Full steam ahead for North East Rail campaign
Calls have been made for the Transport Secretary to consider reinstating the Deeside Railway in a bid to boost business, create jobs and support tourism in the area.
The passenger railway line first opened in 1853 stretching 70km and ran from Aberdeen to Ballater.
Initial plans to extend the railway to Braemar were abandoned following opposition from Queen Victoria, who objected to the line running through the Balmoral Estate. The Deeside line was closed completely in 1967.
In a letter to the SNP Transport Secretary, Michael Matheson SNP candidate, Fergus Mutch said “there’s never been a better time” to commit to the project as the Scottish Government seeks to create jobs and rebuild the economy following the pandemic.
Local residents have been asked to share their views via an online survey at www.fergusmutch.scot.
Mr Mutch said: “Rebuilding the Deeside Railway would be a complete game changer for Aberdeenshire. Overnight you would create the most popular tourist line in the country, with immense benefits for local residents and businesses alike. A move from road to rail is imperative if we're serious about Scotland's commitment to tackling climate change.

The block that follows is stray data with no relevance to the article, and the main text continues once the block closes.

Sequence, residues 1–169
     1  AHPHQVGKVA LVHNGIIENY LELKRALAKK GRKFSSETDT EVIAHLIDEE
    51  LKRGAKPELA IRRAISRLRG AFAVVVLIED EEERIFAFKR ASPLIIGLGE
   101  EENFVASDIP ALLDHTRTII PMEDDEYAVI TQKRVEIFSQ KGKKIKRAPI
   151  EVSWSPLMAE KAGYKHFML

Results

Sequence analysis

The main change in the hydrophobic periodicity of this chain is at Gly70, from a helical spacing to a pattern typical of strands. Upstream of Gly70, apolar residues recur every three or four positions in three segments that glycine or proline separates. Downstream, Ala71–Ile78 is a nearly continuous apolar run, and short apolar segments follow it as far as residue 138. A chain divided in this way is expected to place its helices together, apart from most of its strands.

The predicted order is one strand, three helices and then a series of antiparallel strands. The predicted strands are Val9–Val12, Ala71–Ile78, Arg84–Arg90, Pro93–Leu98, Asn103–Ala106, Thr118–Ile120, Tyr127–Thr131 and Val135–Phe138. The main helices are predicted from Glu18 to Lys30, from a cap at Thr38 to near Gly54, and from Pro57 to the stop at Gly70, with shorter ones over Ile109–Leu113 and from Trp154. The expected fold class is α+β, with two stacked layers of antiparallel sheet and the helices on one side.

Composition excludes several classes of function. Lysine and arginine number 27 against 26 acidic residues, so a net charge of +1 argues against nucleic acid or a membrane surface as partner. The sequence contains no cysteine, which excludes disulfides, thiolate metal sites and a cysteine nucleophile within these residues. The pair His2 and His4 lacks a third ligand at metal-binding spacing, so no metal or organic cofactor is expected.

"The reinstated Borders railway, and local infrastructure projects like the AWPR, show what can be achieved with the right ambition and purpose. The Deeside line should be the start of the North East's rail renaissance and I'd encourage all local residents to have their say."
However, the area’s Scottish Conservative MSP Alexander Burnett believes that people in the north east will be wary of SNP promises when it comes to rail travel.
Mr Burnett said: “Douglas Ross put forward a review of lines closed by Beeching last year, so it’ll be interesting to see if the SNP really do adopt Scottish Conservative policy. We do need to boost connectivity in the north east and rebuild the economy. Alex Salmond promised to rebuild the Buchan line in 2017. However we are yet to see anything materialise.
"The north east was also promised £200 million to cut journey times from Aberdeen to the central belt by 20 minutes in 2008, then again in 2016. Michael Matheson has rowed back furiously on this promise."